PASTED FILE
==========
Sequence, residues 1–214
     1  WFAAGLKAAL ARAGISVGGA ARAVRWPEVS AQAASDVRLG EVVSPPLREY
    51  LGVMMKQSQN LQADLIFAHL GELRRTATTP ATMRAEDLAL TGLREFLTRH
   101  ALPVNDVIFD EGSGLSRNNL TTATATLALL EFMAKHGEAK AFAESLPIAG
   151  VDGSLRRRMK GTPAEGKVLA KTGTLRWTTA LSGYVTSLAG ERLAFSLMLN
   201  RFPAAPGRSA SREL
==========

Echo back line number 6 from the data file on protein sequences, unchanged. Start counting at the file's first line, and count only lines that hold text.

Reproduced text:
   201  RFPAAPGRSA SREL